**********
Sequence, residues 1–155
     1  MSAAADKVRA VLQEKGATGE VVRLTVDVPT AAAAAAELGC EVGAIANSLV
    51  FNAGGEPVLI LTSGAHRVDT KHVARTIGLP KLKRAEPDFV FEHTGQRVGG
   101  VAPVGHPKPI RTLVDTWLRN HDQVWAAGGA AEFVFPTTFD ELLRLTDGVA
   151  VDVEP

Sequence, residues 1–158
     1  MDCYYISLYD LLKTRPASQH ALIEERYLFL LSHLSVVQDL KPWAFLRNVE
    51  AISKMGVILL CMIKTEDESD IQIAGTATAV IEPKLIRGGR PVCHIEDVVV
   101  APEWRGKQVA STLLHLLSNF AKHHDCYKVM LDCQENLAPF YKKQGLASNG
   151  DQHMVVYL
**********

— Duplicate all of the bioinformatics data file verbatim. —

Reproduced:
Sequence, residues 1–155
     1  MSAAADKVRA VLQEKGATGE VVRLTVDVPT AAAAAAELGC EVGAIANSLV
    51  FNAGGEPVLI LTSGAHRVDT KHVARTIGLP KLKRAEPDFV FEHTGQRVGG
   101  VAPVGHPKPI RTLVDTWLRN HDQVWAAGGA AEFVFPTTFD ELLRLTDGVA
   151  VDVEP

Sequence, residues 1–158
     1  MDCYYISLYD LLKTRPASQH ALIEERYLFL LSHLSVVQDL KPWAFLRNVE
    51  AISKMGVILL CMIKTEDESD IQIAGTATAV IEPKLIRGGR PVCHIEDVVV
   101  APEWRGKQVA STLLHLLSNF AKHHDCYKVM LDCQENLAPF YKKQGLASNG
   151  DQHMVVYL